IRS worker headcount dwindling: What it means for you

The IRS’ understaffing challenges may only intensify throughout the coming years.

The tax agency says 27 percent of its workforce will be eligible to retire at the end of the year, while it has had a difficult time recruiting younger employees to take their places. Less than 0.5 percent of its staff consists of workers under the age of 26.

Meanwhile, the IRS lost about 18,000 full-time positions between 2010 and the start of 2018. In 2017 alone, 6,801 permanent jobs were lost.

While headcount is diminishing, so too is funding. Between fiscal 2010 and 2017, the agency’s funding levels declined by about 20 percent. In 2018 the agency’s budget saw a slight uptick, including $320 million to implement Republicans’ sweeping overhaul of the U.S. tax code.

Final 2019 funding levels are pending.

At a time when the IRS faces the challenge of carrying out the Tax Cuts and Jobs Act, the cuts have presented a host of challenges.

The number of auditors has dropped about 30 percent since 2010 –falling under 10,000 for the first time since 1953 last year – to 9,510, according to ProPublica.

As a result, taxpayers are less likely to be audited. Last year, the IRS screened just 0.62 percent of individual returns. It was the sixth consecutive year of decline. Of high-income households, which are expected to be audited at a higher rate, just 4.37 percent of returns were reviewed, while the rate for taxpayers with incomes below $200,000 was 0.59 percent. Business audits also dropped.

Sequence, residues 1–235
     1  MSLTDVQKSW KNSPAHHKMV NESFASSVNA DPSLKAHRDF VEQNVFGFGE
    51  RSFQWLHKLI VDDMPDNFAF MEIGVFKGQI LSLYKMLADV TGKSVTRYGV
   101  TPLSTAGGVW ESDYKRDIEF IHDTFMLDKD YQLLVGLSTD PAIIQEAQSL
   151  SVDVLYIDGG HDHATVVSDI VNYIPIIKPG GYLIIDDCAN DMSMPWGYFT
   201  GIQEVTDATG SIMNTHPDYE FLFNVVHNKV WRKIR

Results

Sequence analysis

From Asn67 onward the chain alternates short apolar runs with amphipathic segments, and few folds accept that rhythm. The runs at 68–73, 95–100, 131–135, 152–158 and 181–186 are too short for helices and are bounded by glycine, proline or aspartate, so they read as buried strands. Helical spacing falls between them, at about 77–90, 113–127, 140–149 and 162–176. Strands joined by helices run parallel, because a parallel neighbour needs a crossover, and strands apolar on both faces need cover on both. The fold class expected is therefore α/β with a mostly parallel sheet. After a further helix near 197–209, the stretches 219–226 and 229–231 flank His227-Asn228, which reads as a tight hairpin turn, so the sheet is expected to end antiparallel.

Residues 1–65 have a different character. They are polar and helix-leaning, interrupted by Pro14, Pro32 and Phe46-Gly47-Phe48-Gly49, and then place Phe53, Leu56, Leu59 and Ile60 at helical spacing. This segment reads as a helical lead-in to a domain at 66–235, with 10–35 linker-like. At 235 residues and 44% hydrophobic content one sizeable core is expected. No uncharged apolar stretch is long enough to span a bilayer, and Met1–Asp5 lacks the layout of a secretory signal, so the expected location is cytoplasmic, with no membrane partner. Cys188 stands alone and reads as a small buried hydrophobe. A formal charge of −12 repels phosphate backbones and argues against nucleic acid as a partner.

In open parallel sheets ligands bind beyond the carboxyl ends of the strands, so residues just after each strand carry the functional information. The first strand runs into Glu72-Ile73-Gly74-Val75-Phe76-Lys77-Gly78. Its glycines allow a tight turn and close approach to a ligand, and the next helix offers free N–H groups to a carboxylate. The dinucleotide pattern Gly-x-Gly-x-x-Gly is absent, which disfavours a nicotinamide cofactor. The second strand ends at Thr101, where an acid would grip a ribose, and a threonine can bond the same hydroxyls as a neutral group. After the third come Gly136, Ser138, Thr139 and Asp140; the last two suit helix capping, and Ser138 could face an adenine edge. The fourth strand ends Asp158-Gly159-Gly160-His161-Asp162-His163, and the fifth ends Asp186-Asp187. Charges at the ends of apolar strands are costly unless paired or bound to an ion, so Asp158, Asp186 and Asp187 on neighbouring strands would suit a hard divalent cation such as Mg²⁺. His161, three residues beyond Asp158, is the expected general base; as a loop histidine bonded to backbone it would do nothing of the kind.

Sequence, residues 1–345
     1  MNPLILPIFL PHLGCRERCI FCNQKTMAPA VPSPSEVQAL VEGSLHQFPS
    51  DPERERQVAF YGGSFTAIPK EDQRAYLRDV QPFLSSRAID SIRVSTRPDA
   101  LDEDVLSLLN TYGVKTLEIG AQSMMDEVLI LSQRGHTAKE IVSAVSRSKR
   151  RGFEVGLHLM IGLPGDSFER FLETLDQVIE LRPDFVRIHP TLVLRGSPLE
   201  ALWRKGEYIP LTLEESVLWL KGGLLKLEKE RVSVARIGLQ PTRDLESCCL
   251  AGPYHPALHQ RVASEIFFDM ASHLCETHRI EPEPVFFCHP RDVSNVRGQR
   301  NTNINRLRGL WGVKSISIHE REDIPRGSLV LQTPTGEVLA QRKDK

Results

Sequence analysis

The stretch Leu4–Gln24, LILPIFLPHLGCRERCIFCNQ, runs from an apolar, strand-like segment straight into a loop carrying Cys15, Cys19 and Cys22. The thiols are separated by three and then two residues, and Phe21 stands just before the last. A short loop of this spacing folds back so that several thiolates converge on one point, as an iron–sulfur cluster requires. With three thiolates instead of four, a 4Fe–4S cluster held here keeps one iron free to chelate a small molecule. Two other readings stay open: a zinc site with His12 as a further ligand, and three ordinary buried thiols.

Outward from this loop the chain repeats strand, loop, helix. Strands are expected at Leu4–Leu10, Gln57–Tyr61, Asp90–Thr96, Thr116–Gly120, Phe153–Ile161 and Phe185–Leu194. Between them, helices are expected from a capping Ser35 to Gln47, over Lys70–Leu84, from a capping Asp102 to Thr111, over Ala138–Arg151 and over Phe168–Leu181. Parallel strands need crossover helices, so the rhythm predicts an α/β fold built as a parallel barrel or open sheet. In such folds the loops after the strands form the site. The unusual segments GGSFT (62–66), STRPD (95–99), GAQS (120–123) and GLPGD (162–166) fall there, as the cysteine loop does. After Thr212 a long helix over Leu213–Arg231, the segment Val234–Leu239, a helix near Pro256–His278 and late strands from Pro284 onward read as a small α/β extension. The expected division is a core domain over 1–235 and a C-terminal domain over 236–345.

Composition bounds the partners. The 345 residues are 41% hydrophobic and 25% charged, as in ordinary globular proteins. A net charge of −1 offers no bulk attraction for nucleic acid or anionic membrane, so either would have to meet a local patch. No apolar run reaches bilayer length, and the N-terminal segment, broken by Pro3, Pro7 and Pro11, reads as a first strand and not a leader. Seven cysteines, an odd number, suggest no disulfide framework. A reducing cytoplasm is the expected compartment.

The agency also has fewer resources to go after negligent taxpayers.

The number of nonfilers pursued dropped to 362,000 last year, from 2.4 million in 2011, ProPublica reported.

Meanwhile, cases brought by the agency’s criminal division – where staff levels have fallen by one-fifth – are down nearly 25 percent since 2010, according to The New York Times, to 795 last year.

Experts have told FOX Business that at some point, a lack of enforcement is going to affect the probability of noncompliance.

The agency has estimated that it has lost hundreds of billions of dollars in unpaid taxes from business owners alone.

The Tea Party targeting scandal, which drew widespread public attention in 2013 when IRS official Lois Lerner admitted the agency was dissecting conservative groups’ applications for nonprofit status with greater scrutiny, has colored certain perceptions on Capitol Hill. Some Republicans, roiled by the incident, formed a prickly relationship with the agency, which some believe has not helped the funding situation.

President Trump nominated California tax attorney Charles Rettig to succeed Josh Koskinen as IRS commissioner earlier this year. He was sworn in a few months ago.